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United States of America 1925 – 2008


Mule 1974 Description: Mule (from Hoarfrost editions)

Collection Title: Hoarfrost editions
Creation Notes: Period of Collaboration: September - December 1974 Right to Print date: 1 December 1974
Materials & Technique: prints, planographic, stencil, collage offset lithographic and newspaper images transferred to a collage of fabric and paper bags Support: cheesecloth, muslin, silk, satin
Impression: artist proof IV
Edition: edition of 33 plus 10 artist's proofs, 9 trial proofs, 1 colour trial proof, 1 right to print, 1 printer's proof, 1 printer's proof II, 3 Gemini impressions, 3 special proofs, 1 master proof, 1 Change Inc. proof
Publisher: GEMINI G.E.L.
Place Published: Los Angeles
Date Published: 1974

Edition Notes: Offset printed beaker image transferred to a paper bag; paper bags glued to cheesecloth with acrylic polymer matte medium; newspaper imagery transferred to cheesecloth and muslin; cheesecloth glued to muslin with acylic polymer matte medium. Offset printed tennis shoe image transferred to cheesecloth over paper bag; offset printed octopus image transferred to satin; satin glued to muslin with acrylic polymer matte medium. The two holes at the top right and top left were machine-stitched to accommodate nails for hanging. Collaboration and supervision by Ronald McPherson. Processing and proofing Dan Freeman and Tim Isham. Printing by Dan Freeman assisted by Robert Bigelow, Jim Webb, Ed Hamilton, Tony Zapeda.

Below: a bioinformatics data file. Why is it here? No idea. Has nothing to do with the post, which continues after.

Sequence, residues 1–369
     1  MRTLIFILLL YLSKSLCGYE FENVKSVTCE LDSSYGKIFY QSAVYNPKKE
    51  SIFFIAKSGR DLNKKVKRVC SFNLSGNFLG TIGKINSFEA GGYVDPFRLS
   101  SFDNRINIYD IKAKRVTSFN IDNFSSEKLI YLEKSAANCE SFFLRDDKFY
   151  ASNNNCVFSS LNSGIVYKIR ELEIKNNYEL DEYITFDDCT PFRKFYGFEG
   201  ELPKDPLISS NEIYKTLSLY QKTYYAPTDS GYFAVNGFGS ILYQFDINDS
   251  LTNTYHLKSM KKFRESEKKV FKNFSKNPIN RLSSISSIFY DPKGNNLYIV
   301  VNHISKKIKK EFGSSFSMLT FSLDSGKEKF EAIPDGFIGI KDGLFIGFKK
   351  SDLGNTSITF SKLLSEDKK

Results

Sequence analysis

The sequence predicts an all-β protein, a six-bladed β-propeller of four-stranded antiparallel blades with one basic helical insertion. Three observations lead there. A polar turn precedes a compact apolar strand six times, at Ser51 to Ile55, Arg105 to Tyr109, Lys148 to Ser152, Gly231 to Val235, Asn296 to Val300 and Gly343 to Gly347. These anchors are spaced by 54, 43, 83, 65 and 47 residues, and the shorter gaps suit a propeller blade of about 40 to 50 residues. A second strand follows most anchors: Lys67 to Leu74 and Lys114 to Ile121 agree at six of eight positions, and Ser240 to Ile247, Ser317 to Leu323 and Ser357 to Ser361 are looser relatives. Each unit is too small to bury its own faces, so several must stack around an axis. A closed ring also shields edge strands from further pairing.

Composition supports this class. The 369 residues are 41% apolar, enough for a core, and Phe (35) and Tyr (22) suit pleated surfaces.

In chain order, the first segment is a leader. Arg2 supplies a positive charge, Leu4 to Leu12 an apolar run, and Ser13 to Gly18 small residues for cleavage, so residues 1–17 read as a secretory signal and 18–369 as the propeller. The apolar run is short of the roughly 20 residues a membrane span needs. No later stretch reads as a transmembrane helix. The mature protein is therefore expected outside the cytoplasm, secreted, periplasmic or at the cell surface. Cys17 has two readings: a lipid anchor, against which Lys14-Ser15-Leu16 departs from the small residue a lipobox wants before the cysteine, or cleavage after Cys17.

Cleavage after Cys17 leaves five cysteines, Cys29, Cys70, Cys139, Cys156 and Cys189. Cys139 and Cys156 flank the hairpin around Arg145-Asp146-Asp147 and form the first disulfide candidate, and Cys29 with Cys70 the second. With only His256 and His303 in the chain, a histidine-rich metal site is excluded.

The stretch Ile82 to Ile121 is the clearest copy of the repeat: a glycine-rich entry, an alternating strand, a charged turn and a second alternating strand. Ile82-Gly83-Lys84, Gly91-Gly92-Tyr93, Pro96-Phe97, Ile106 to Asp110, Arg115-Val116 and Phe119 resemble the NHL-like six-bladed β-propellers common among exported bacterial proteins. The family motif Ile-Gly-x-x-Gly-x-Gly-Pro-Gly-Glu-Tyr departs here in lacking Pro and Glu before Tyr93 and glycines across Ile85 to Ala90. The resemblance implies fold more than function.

Primary Insc: signed, lower centre, black ink 'Rauschenberg' dated, lower centre, black ink ' '74'
Secondary Insc: inscribed, lower centre, black ink 'AP IV'
Tertiary Insc: RR 74-687
Dimensions: overall 168.0 h x 88.3 w cm
Acknowledgement: Purchased 1976
Accession No: NGA 76.1512
Image rights: © Robert Rauschenberg/VAGA. Licensed by Viscopy

The Hoarfrost editions series, created at Gemini GEL, is named after the thin layer of ice that forms on cold surfaces. The series was inspired by  Rauschenberg’s observation of printmakers using ‘large sheets of gauze ... to wipe stones and presses ... and hung about the room to dry’. By using transparent layerings of material, Rauschenberg allows the viewer to both look at and look through the work − to see both the positive space and the negative space, including the environment behind the work. Everyday objects, such as collaged paper bags, are in sophisticated contrast with the ghostly imprinted imagery and the folds and layers of the delicate fabric.

Text © National Gallery of Australia, Canberra